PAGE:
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UTHSC Launches Resources Website to Support Health Care Workers Battling COVID-19

Health care workers are experiencing stress and burnout, after fighting COVID-19 for more than a year and and half.
UTHSC’s web resource aims to help health care workers manage the stress from fighting COVID-19 for more than a year and a half.

The University of Tennessee Health Science Center has launched a resources website designed to help health care workers and first responders take better care of themselves, after spending more than a year and a half on the front lines of the battle against COVID-19.

The Resources for Health Care Workers website, uthsc.edu/coronavirus/healthcare-workers-resources.php, offers links to resources for immediate and long-term emotional support; building resilience; mental and physical health; wellness strategies; dealing with grief, stress, and burnout; as well as approaches for health care workers to support each other. The resources take various formats, including links, articles, podcasts, Apps, webinars, and videos. The page will evolve as additional resources are added, and it offers the opportunity for the public to submit resources deemed helpful for inclusion.

The website was prompted by the concerns of Richard Walker, MD, interim chair  of Emergency Medicine and program director for the Emergency Medicine Residency program at UTHSC. Dr. Walker works in emergency departments in the city and has seen emergency room wait times increasing, while general hospital and ICU bed availability are decreasing.

As the Delta variant spreads and resources are stretched, health care workers report experiencing high levels of stress, work overload, and burnout. Factors, such as staffing shortages, a lack of essential equipment and supplies, and the number of patients and their needs for health care, are leading to irreconcilable conflicts between the training of health care professionals to provide the highest level of care for everyone and the need to make choices for care based on those limiting factors. The COVID-19 pandemic is exposing health care workers to circumstances previously seen primarily in combat situations or severe disasters.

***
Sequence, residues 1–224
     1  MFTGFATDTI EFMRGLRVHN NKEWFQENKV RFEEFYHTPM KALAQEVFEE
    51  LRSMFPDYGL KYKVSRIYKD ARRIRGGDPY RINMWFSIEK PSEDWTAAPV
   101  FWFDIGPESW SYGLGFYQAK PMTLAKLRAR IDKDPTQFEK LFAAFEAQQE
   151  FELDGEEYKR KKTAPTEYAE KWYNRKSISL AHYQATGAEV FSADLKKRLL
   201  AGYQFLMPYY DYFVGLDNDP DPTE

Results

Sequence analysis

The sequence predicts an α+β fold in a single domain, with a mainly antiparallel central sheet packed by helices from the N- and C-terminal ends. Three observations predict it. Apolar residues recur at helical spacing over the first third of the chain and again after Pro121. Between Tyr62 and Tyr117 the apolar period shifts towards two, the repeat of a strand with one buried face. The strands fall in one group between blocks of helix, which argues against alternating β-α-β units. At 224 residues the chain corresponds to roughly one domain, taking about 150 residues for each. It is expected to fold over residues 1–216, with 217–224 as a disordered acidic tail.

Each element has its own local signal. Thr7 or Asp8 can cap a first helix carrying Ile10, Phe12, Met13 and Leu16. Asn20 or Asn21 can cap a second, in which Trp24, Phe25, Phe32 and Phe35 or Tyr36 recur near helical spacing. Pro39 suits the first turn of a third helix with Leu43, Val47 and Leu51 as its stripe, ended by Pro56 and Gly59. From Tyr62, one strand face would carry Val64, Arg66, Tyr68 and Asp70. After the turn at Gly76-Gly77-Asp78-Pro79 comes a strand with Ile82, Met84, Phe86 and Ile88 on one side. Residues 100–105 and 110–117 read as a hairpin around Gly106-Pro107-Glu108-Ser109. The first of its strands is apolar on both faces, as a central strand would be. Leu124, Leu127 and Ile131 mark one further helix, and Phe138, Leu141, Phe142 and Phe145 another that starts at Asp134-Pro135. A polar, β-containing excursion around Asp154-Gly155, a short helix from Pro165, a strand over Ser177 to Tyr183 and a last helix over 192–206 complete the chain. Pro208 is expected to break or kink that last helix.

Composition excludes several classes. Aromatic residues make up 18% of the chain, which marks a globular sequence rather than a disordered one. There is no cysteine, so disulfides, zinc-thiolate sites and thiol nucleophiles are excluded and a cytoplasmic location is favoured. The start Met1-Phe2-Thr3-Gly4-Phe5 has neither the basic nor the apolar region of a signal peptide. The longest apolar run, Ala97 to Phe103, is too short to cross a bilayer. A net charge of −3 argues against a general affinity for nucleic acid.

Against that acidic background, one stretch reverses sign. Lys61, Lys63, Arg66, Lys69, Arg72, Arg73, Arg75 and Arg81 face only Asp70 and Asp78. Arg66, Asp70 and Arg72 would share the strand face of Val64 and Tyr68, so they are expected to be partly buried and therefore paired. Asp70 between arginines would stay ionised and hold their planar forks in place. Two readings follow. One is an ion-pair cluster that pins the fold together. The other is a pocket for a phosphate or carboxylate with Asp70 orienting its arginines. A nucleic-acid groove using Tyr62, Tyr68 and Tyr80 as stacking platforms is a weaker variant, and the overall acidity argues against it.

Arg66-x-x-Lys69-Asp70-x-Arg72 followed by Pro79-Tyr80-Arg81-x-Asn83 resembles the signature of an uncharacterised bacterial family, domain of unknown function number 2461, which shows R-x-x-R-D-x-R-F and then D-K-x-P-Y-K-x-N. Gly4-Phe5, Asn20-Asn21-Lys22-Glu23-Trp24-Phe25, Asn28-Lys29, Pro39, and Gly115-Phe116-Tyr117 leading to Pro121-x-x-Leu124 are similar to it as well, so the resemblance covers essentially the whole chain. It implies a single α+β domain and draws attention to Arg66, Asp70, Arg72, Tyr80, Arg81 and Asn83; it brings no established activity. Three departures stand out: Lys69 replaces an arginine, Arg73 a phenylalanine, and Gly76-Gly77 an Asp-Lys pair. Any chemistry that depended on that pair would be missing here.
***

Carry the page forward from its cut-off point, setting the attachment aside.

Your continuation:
“When the health care system is overwhelmed, a great deal of personal moral distress, called moral injury, can occur as health care workers are forced to choose to treat some patients and are unable to provide care to others,” said Ronald Cowan, MD, PhD, Harrison Distinguished Professor and chair of Psychiatry at UTHSC. “In addition, some health care workers will experience depression, anxiety, symptoms of post-traumatic stress disorder, increased substance use, and suicidal thinking.”

Available on the website is a three-part educational webinar produced by the UTHSC College of Nursing offering guidance for decision-making concerning the ethical allocation of scarce resources during a community-wide public health emergency. The college was “hearing of the need to share how patients will be managed within an ethical framework during a catastrophic community-wide public health emergency,” said Wendy Likes, PhD, DNSc, APRN-Bc, FAANP, Ruth Neil Murry Endowed Chair and dean of the College of Nursing. “We also felt it was important to recognize the grief experience of health care workers and encourage self-care. We hope the guidance provided by the Tennessee Altered Standards of Care Workgroup will not be needed, but it is important to educate health care workers about the plan and what it entails. We hope our community finds this a useful resource. We intentionally kept the videos brief to facilitate their use.”

As Tennessee’s public, academic health care institution, UTHSC has been a leader in offering reliable and timely information about the coronavirus. UTHSC launched a website with resources about the coronavirus in late February 2020.

The site, uthsc.edu/coronavirus, which has had more than 121,000 visits since it launched, is designed to include the best available information about the coronavirus, as well as answers to frequently asked questions, and links to national, state, and local organizations monitoring the virus. The Resources for Health Care Workers website is included in the coronavirus website.

“UTHSC is committed to supporting our front-line health care workers, who shoulder the burden of triaging and providing care during this pandemic,” said Cynthia Russell, PhD, RN, vice chancellor for Academic, Faculty, and Student Affairs at UTHSC.

“All six of our colleges and several academic support units collaborated to curate and develop resources for this dedicated website that we believe will be of great benefit to health care workers and their families and friends.”